Question: I have a question regarding the Gravol protocol. I had a 15 year old patient that had taken a combination of 50 pills of Advil, Tylenol and Midol at approximately 3 or 4 am. It is 7 am now when we arrive at the patient. Patient's vitals are within normal range but patient c/o of dizziness and nausea. Patient has not eaten since dinner last night. Patient does vomit once with us while on offload delay. I opted not to give Gravol with reasoning that it is probably best for her to vomit and get it out. I understand that none of those meds are a contraindication for Gravol so in this case am better off giving the Gravol for nausea or withholding Gravol for the reason mentioned above?
Great question. The challenges surrounding the decision of when to administer Gravol include the causes of nausea and vomiting are extremely broad and the indications on the directive are wide open: nausea and vomiting. Paramedic judgment must factor in as to when to apply the directive. The fact is that depending upon the underlying cause of the nausea and vomiting, Gravol may only be minimally effective if at all.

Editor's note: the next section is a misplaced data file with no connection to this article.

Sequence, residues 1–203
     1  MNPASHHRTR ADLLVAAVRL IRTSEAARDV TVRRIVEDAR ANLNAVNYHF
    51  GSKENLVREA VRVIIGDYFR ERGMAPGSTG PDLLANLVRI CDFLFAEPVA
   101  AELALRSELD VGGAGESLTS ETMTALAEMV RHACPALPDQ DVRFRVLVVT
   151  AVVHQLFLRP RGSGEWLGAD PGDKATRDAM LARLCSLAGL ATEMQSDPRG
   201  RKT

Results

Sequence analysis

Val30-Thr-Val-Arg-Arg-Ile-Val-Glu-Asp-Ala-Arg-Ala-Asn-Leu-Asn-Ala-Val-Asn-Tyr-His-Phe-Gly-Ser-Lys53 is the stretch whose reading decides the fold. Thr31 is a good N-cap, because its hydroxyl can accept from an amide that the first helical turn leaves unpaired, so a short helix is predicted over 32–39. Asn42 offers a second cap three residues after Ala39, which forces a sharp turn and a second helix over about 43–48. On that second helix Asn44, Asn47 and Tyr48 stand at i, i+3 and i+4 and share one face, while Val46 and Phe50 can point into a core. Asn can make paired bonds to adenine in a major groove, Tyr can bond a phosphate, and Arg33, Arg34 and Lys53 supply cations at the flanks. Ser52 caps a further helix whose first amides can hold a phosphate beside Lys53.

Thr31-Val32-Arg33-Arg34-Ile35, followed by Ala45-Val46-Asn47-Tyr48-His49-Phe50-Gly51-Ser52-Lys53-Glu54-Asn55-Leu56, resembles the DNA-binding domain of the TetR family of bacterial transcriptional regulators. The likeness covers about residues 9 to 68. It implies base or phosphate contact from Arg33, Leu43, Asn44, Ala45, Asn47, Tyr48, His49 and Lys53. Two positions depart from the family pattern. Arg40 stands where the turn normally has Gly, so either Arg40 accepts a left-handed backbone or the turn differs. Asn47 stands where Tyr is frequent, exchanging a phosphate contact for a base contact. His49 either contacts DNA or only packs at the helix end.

Choosing to administer Gravol in an overdose situation, unless the overdose is an antihistamine, an anticholinergic, or a tricyclic antidepressant is not a contraindication. However, choosing to not administer Gravol in a mixed drug overdose such as you are describing above is also a reasonable decision as it is unlikely to be effective. If unsure, a patch to the BHP would also be a reasonable choice.